Students taught to tests tend not to opt for those subjects at A-level and if they do, they don’t perform as well because they have not been exposed to teaching that allows them to take ownership of their learning and thus become independent learners. In short, they have become conditioned to having their hand-held into jumping through hoops and rote learning.
    Early entry is beneficial for maybe a handful of students that are exceptionally gifted but not for entire classes and definitely not for an entire cohort. It widens the gap and gives. Skewed impression of how good students actually are in that subject – in short, we are gaming the system.

    Instead of early entry even for the lost able, get them to study maths gcse until Y11 alongside the Additinal Maths FMSQ or AQA level 2.
    I am glad that students and especially schools have been discouraged by the change in policy as schools with more funding were entering students up to 7 times for the same exams and that isn’t fair for schools that can only afford 1 shot. only counting the first entry levels the playing field between all schools and I challenge anyone to disagree with that.

    • August 22, 2014 at 5:06 pm

      Aye, excellent points I certainly agree with you there!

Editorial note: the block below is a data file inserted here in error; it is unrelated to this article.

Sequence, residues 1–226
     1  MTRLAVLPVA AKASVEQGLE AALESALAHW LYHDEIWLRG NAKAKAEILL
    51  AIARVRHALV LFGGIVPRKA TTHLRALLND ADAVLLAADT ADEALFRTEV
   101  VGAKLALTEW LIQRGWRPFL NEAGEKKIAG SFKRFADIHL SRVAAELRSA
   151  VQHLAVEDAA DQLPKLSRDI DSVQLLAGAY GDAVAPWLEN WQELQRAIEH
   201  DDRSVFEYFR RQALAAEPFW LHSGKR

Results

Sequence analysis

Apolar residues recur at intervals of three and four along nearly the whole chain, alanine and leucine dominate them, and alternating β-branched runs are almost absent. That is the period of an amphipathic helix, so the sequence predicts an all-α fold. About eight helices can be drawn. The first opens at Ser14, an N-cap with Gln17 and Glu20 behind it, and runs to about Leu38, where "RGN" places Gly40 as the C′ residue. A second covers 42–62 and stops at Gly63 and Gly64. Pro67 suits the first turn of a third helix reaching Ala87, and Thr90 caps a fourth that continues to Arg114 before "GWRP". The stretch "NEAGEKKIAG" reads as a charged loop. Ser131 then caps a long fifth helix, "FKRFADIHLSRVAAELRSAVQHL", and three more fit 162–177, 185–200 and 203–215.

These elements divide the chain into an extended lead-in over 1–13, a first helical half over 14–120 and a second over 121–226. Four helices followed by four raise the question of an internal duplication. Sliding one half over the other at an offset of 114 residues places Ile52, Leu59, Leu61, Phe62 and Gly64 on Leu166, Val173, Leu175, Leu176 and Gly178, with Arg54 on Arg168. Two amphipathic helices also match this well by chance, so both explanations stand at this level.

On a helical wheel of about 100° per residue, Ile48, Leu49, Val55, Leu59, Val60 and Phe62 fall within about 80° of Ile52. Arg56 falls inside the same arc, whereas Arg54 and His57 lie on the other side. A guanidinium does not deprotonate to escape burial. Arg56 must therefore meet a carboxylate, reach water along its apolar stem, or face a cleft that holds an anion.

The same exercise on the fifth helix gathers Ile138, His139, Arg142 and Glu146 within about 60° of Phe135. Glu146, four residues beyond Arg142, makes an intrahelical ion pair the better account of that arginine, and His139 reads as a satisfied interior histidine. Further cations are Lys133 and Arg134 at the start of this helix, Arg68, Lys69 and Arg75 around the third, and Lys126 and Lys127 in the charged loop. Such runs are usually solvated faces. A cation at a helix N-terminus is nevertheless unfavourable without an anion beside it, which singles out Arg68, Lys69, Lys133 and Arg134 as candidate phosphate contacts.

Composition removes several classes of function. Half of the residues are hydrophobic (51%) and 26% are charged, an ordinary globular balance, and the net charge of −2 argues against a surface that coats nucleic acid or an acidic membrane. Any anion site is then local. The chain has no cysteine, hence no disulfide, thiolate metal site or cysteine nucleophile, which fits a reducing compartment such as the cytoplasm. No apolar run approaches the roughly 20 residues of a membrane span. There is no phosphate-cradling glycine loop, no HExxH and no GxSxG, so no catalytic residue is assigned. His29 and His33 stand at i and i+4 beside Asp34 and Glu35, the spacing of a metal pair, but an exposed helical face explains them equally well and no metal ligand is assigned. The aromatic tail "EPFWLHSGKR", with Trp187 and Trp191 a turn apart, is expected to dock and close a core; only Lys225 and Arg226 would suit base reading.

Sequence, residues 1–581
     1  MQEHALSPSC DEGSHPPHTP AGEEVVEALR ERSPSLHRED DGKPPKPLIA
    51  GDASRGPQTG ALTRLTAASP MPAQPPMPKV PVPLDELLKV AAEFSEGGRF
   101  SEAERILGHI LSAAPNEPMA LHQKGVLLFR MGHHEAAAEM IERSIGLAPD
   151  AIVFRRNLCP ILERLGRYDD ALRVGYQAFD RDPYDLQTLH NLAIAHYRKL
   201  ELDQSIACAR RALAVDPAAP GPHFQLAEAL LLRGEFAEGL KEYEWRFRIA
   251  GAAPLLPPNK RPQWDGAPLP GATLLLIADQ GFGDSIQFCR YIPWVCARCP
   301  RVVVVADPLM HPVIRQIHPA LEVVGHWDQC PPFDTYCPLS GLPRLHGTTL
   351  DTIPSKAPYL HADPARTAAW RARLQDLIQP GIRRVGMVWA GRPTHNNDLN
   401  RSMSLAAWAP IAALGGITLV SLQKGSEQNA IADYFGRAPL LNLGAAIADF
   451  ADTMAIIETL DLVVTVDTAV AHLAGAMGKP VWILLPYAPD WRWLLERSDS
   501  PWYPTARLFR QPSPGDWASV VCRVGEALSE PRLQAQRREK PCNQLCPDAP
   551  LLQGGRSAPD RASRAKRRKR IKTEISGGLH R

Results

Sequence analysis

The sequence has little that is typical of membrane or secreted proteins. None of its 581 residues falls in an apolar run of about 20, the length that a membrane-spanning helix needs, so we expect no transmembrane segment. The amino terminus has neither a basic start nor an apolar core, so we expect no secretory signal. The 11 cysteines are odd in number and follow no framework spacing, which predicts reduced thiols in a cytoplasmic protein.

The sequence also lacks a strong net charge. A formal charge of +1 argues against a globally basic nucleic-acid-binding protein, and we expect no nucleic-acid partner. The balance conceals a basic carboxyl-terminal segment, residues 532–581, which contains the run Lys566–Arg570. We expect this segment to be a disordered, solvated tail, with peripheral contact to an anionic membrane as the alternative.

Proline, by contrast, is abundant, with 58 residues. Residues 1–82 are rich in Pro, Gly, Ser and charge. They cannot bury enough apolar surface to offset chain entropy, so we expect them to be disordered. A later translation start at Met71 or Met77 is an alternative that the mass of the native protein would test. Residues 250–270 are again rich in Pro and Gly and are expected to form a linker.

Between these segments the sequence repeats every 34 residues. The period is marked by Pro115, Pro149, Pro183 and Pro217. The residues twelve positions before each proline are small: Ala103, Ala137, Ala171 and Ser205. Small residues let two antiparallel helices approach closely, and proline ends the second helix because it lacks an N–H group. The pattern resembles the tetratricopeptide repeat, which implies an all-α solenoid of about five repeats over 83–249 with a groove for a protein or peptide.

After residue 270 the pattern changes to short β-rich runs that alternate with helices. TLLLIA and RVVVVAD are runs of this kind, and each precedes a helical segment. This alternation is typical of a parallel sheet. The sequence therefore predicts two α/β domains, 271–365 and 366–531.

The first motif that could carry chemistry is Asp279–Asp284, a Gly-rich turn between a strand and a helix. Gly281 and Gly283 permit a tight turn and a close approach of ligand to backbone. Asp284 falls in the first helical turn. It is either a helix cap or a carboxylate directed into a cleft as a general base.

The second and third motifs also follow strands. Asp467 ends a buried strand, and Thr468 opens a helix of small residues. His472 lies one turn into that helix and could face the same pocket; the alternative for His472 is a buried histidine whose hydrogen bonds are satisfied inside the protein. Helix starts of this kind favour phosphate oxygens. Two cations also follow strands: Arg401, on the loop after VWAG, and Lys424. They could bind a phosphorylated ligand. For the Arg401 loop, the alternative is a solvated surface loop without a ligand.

3. August 27, 2014 at 9:24 am

    Reblogged this on The Echo Chamber.

  4. August 27, 2014 at 11:04 am

    Agree to pretty much all of this. I dispair at the level of maths that some science students have at University, and a grade C on a university application is a sign of future trouble (in that I’ll be teaching them the basics). Same true for written English, maybe even more restrictive on students’ long term success at University. We are not exactly short of applicants at the moment, and could easily see Grade C English/Maths increasing along with the annual A-level point uplift, the latter of which doesn’t seen to be resulting in significantly better students… We are not talking red-brick University here, this is a post-1992 old polytechnic. Early entry in year 10 resulting in a grade C at GCSE must be seen by the school as a lost learning and progression opportunity if that is all the students get by end of year 11.

    What I really don’t want to see is the prevention of early entrance for those who are ready, particularly where the student is showing self-directed learning way above the expected level. Having seen a student get A/A*s in year 9 recently by being self-directed and genuinely interested, and then again in year 10, this is where the early entrance can work if done properly. This creates problems for the school when the student has a hole in the timetable, but its a nice problem. I have seen this managed well where the school (a struggling comp, currently in special measures) has a 6th form, allowing students to get a taster of a broader range of subjects at a higher level prior to starting A-levels.